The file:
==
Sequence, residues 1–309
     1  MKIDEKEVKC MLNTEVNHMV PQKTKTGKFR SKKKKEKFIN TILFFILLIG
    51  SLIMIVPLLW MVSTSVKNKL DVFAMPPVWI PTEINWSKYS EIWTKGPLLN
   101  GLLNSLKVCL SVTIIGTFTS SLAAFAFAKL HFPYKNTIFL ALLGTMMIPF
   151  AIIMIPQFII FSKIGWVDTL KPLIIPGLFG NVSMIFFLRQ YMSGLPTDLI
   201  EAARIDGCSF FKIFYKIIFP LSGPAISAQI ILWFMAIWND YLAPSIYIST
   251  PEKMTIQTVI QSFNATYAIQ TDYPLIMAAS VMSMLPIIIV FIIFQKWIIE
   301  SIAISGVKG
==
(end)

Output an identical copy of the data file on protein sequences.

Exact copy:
Sequence, residues 1–309
     1  MKIDEKEVKC MLNTEVNHMV PQKTKTGKFR SKKKKEKFIN TILFFILLIG
    51  SLIMIVPLLW MVSTSVKNKL DVFAMPPVWI PTEINWSKYS EIWTKGPLLN
   101  GLLNSLKVCL SVTIIGTFTS SLAAFAFAKL HFPYKNTIFL ALLGTMMIPF
   151  AIIMIPQFII FSKIGWVDTL KPLIIPGLFG NVSMIFFLRQ YMSGLPTDLI
   201  EAARIDGCSF FKIFYKIIFP LSGPAISAQI ILWFMAIWND YLAPSIYIST
   251  PEKMTIQTVI QSFNATYAIQ TDYPLIMAAS VMSMLPIIIV FIIFQKWIIE
   301  SIAISGVKG